The UPSC board received two independent nomination letters for Jan Karlsson for the UPSC Agrisera Prize 2019. Both letters highlighted his ambition to solve all upcoming technical problems as soon as they appear even if it is challenging and demands to work outside the normal working hours. “He is the one, who we hope to find in his office when we need a solution for a challenging technical issue”, is stated in one of the letters. “His everyday work contributes to the successful research of many of us at UPSC.”

Jan Karlsson is IT-coordinator at one of the two UPSC departments. He is responsible for the growth chambers and cabinets, is technically supporting the new phenotyping platform, helps to fix things that are broken and much else. During the recent renovations at the Department of Plant Physiology, he was one of those who helped to make the moving and the setting up of the new lab as smooth as possible without neglecting his normal responsibilities. “We would like to thank Janne for being so available and make our work doable in this institute. This Agrisera prize is the opportunity for us to do so”, is written in the second nomination that was supported by more than 30 people.

The UPSC Agrisera Prize is awarded every year to a PhD student, a postdoc or a technician for excellent scientific achievement and positive contributions to improve the UPSC work environment. It is sponsored by Agrisera but the members of the UPSC board select the winner of the prize. The name of the winner is traditionally announced during the UPSC Christmas lunch. This year, the board received in total eight nominations for six candidates. The prize was presented by Joanna Porankiewicz-Asplund from Agrisera and by the chair of the UPSC board, Catherine Bellini.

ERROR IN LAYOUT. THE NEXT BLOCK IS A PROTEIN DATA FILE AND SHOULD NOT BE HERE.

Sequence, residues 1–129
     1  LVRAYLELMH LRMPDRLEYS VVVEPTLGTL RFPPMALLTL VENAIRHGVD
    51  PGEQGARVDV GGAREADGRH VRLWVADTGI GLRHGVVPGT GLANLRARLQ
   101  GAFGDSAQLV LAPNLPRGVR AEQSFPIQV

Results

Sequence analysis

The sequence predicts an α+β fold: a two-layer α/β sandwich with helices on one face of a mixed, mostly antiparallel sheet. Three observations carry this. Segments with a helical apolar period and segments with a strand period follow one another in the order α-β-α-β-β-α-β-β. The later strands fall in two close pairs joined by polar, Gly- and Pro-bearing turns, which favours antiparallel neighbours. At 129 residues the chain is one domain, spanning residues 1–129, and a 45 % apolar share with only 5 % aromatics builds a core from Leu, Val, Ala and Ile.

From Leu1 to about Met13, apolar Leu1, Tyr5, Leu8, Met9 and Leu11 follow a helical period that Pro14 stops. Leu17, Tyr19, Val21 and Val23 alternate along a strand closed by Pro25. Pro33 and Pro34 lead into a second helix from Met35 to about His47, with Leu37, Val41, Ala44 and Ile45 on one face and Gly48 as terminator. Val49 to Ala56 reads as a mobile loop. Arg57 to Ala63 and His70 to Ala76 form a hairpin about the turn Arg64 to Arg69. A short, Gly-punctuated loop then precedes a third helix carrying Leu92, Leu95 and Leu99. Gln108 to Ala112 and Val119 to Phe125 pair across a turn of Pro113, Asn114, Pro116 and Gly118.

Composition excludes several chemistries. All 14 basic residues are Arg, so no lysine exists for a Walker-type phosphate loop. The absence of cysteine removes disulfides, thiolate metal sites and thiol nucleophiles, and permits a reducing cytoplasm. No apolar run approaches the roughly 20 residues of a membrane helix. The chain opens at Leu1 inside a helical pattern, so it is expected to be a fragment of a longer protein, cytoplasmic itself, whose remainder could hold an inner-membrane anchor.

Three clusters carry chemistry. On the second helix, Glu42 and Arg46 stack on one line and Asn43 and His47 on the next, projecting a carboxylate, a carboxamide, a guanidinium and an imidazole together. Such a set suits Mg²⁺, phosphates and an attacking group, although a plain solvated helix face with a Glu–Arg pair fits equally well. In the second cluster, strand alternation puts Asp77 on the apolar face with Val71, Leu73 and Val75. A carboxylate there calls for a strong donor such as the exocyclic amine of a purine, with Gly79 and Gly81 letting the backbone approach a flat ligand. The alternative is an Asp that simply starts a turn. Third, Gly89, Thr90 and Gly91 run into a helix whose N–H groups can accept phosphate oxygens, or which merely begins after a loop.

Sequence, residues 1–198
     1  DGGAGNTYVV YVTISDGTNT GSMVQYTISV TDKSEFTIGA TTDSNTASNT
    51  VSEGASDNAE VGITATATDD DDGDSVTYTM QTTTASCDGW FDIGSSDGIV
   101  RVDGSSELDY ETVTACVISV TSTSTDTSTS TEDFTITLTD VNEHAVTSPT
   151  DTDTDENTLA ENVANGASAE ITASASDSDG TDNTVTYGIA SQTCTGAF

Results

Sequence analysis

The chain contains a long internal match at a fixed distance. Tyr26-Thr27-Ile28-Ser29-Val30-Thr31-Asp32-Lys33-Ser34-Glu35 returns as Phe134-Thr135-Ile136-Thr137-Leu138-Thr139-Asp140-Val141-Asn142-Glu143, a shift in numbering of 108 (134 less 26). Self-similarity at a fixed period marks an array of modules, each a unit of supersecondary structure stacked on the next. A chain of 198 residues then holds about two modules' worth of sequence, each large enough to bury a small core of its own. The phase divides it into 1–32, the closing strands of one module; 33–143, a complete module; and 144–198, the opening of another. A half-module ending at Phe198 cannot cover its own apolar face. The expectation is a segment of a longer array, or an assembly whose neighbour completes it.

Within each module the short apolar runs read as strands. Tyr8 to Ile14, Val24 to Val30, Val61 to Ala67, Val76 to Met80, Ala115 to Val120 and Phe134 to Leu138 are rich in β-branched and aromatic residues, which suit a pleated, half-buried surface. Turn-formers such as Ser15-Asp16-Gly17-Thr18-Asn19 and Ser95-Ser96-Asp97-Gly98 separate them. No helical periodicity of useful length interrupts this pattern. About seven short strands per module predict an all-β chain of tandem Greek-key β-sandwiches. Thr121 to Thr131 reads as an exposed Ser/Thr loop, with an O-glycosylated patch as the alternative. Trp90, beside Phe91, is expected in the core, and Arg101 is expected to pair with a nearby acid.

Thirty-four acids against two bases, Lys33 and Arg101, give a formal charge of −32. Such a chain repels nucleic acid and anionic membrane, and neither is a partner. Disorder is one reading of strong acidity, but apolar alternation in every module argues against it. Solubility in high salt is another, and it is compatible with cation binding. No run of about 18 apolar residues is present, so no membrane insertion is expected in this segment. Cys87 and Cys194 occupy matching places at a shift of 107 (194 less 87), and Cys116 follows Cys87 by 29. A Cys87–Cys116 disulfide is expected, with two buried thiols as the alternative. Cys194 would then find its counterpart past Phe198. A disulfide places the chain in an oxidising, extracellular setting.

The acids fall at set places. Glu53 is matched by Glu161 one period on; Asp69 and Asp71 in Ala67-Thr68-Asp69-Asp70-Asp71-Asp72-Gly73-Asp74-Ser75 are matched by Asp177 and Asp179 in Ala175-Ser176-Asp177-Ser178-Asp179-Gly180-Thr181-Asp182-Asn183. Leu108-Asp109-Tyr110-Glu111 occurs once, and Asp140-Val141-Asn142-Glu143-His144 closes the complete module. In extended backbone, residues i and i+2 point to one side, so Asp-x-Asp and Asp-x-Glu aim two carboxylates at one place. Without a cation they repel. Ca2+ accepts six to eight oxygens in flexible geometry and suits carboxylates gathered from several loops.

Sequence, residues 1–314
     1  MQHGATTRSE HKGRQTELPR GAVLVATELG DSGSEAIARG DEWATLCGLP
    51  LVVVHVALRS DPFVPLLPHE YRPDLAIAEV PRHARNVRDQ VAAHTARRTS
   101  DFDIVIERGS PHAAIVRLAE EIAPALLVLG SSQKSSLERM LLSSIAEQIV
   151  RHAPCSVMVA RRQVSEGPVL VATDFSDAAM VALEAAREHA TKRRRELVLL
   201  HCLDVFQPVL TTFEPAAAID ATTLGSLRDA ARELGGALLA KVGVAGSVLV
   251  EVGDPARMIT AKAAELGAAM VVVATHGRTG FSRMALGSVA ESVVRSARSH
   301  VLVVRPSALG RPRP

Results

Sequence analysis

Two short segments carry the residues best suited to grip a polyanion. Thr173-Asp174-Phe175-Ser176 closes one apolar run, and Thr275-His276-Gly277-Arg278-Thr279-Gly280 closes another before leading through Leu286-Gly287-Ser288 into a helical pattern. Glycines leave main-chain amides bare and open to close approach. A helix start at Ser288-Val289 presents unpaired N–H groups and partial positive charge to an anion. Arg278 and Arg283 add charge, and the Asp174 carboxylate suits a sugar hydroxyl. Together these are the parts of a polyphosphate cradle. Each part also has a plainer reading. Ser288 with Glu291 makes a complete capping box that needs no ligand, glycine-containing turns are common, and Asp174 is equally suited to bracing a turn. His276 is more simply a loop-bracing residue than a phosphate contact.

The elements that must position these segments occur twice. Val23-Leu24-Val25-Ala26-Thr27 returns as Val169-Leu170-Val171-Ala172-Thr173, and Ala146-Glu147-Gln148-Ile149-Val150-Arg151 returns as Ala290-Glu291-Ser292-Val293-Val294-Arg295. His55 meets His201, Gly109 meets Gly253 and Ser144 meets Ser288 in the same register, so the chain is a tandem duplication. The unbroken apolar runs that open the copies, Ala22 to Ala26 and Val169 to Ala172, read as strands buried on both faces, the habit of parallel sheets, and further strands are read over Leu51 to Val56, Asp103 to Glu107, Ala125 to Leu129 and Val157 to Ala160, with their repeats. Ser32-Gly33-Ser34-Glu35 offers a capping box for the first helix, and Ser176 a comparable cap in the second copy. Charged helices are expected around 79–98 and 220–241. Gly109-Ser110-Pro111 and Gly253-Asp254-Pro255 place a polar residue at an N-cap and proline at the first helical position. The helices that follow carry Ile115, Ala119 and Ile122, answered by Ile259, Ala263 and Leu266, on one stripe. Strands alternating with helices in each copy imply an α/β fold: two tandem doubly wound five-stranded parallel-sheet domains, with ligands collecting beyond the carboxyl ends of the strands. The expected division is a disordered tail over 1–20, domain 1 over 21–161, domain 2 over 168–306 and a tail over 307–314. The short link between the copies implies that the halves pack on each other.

IMG 6458 1920x1080From left to right: Leszek Kleczkowski (chair of the public defence), Tom Beeckman (committee member), Maria Eriksson (commitee member), Abdellah Lakehal, Catherine Bellini (PhD supervisor), Malcolm Bennett (opponent), Alain Goossens (committee member); photo: Anne Honsel

[2019-12-02] When young, dark-grown seedlings of thale cress are given light, they start to form roots from the stem-like part of the plant, called hypocotyl. Abdellah Lakehal used this system to study how the initiation of these adventitious roots is regulated at the molecular level. He identified new components of the complex regulatory network and elucidated further how the main components of the network interact with each other. Abdellah Lakehal successfully defended his PhD thesis on Thursday, 28th of November 2019 at Umeå University.

Plant hormones are growth regulators that play an important role in the regulation of adventitious root initiation. The plant hormones auxin, jasmonate and cytokinin interact with each other to control adventitious root initiation. While auxin promotes adventitious root formation, jasmonate and cytokinins inhibit this process. Abdellah Lakehal now added several new molecular pieces to this complex regulation.

He identified two so-called auxin co-receptors, proteins that fine tune the auxin response during adventitious root initiation. He also showed how jasmonate controls the degradation of auxin in a feedback manner by regulating the expression of another protein. Abdellah Lakehal concluded that this protein mediates a molecular circuit that allows to stabilize the interaction between auxin and jasmonate. In addition, he identified additional components from the jasmonate pathway that prevents the formation of adventitious roots by regulating cytokinin signalling.

Abdellah Lakehal worked with thale cress seedlings. To induce the formation of adventitious roots, he first let the seedlings grow in darkness for three days. Then, the dark-grown seedlings were exposed to light to trigger the development of adventitious roots on the hypocotyl, which is an embryonic stem.